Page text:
“During these walks, I took a road that was 2,250 metres high and wound around a peak. You could see the whole valley and the tops of the mountains. It was beautiful! I wanted to paint it all when I got back to the house. I stopped every ten metres to fix the scene in my soul. And in another five metres there would be a completely different perspective. Never in my life had I observed how quickly the perspective changes. I wouldn’t be able to say which view was more beautiful than the other. Each combination, each constellation was an entirely different event and a new surprise. And so I looked at the world in a completely different way. I saw a piece of heaven and realized that these relationships, this relating of each thing with the other, these stretches wherein the lines divide and then intersect again – all of this represents an infinite abundance of possible encounters of a single whole: this mountain, that mountain and that valley . . . but always new perspectives, so that I can’t say: this is the right perspective and that one isn’t: I have to move on letting all these perspectives and diverse lines encounter one another. So also should I see in the one God that we all believe in, the whole of creation, all the people in creation, all the things you find there for an always new intersecting, different beauties that don’t exclude but mutually include one another in a singular charm and common song to Beauty. The same thing happens among us: I need to be prepared to leave a perspective in order to have another. In God, I leave a perspective behind and it remains. Thus there is a simultaneousness that doesn’t crush me in his universality. It is a dance, a unique encounter, a different move, a new song. And I thought to myself: although there are obstacles and barriers between Churches, things that are opposed and that need to be suffered and gone through so that they can be resolved – there is also this ever-new encounter of charisms, light and grace. […] We should allow one another to touch a piece of this infinity of heaven and this heavenly and Trinitarian play of mutual relationships. The more we encounter one another in this beauty – each in the other and in appreciation of the other – the more we will draw a piece of Heaven to earth. A piece of the heavenly Jerusalem here among us is a first breath of what is still to be developed. Obviously, I also wondered where you could actually find a point in which all these different lines can meet, also where the reality of suffering and the contradictions intersect, where a meeting point could be found for all that can never be resolved with some sort of Hegelian synthesis, or also those things that remain like a cry but still must be lived and put up with. I discovered that this point of intersection is Jesus in his abandonment: He renders himself contemporaneous with what is not contemporaneous. He is acceptance and agreement with what is not accepted and does not agree. He is death of one for the other. Precisely: he is not a mere speculative idea, but a possibility of living and accepting the tensions and sufferings and all that is not resolvable.”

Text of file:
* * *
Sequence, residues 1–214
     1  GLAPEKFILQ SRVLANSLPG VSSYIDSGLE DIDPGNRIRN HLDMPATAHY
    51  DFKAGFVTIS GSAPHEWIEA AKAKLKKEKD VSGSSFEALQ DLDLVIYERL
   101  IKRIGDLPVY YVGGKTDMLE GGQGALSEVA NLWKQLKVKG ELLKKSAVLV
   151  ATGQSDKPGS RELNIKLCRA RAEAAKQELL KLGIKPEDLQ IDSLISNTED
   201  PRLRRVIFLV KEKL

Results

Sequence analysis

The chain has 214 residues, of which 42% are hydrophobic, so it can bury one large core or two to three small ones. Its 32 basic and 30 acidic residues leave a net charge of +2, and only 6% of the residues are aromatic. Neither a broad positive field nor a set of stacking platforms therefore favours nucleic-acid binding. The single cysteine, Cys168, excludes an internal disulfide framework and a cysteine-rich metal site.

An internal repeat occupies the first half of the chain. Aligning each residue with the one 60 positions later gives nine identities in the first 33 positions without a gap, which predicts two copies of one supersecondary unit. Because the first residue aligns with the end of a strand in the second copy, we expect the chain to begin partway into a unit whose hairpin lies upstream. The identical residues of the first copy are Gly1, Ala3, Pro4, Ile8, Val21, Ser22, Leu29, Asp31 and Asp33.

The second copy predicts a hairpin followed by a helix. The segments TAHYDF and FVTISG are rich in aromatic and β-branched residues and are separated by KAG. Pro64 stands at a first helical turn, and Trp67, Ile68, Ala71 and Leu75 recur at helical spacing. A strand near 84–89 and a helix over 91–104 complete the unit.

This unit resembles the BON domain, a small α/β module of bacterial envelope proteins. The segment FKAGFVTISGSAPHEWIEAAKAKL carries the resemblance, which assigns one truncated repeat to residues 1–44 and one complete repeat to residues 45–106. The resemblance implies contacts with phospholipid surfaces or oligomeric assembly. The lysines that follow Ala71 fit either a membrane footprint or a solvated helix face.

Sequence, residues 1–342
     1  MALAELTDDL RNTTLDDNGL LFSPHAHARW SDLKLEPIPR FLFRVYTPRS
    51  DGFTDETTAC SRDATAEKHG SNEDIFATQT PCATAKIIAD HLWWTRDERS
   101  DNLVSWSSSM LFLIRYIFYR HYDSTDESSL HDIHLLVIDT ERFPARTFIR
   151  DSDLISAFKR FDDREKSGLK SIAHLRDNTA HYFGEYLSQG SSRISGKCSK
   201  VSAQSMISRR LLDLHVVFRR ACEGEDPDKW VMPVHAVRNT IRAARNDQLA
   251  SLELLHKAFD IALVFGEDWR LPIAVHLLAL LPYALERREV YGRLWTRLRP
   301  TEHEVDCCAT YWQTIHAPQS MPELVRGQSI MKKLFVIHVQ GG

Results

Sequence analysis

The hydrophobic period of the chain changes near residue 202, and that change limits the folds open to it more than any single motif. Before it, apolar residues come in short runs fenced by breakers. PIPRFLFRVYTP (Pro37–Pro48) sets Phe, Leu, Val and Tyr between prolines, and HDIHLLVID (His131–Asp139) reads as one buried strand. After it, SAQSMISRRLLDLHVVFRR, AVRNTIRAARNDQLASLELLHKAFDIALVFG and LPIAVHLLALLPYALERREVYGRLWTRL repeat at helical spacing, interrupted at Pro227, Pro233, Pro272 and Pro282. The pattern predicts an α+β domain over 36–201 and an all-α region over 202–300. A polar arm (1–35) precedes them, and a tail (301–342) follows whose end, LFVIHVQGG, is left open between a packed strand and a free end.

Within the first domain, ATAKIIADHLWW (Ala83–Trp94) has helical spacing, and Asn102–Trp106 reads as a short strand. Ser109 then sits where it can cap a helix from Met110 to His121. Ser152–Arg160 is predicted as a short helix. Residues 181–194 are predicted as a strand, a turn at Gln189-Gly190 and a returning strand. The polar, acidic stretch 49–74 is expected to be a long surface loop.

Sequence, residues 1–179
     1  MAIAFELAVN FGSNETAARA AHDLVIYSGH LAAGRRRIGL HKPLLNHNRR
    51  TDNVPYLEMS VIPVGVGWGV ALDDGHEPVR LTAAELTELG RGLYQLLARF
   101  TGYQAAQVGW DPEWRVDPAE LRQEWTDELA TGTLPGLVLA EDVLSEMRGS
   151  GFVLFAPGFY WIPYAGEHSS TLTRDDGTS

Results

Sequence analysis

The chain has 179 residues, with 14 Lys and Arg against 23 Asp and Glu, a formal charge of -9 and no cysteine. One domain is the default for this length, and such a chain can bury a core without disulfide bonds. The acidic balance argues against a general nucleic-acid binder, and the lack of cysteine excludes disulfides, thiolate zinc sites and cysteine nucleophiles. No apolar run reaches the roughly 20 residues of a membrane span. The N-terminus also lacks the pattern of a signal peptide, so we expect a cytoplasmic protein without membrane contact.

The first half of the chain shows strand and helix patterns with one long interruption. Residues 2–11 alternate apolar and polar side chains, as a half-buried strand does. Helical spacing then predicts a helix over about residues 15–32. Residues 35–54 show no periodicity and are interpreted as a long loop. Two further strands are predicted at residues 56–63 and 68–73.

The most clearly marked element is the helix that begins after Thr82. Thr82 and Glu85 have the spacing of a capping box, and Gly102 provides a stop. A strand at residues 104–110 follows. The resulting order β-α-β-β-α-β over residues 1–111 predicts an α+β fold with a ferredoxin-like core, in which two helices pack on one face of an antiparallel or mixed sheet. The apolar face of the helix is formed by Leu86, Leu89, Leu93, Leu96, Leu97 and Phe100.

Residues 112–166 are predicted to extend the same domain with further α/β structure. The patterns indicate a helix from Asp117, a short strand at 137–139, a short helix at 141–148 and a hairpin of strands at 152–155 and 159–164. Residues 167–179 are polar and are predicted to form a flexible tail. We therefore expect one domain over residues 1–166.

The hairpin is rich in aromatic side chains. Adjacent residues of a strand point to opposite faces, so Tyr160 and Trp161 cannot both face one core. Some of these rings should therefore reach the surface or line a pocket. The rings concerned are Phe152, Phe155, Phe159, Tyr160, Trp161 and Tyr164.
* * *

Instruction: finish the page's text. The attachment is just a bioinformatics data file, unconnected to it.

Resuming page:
From the book Klaus Hemmerle, innamorato della Parola di Dio by Wilfried Hagermann, (Rome: Città Nuova Ed, 2013), p 297-298.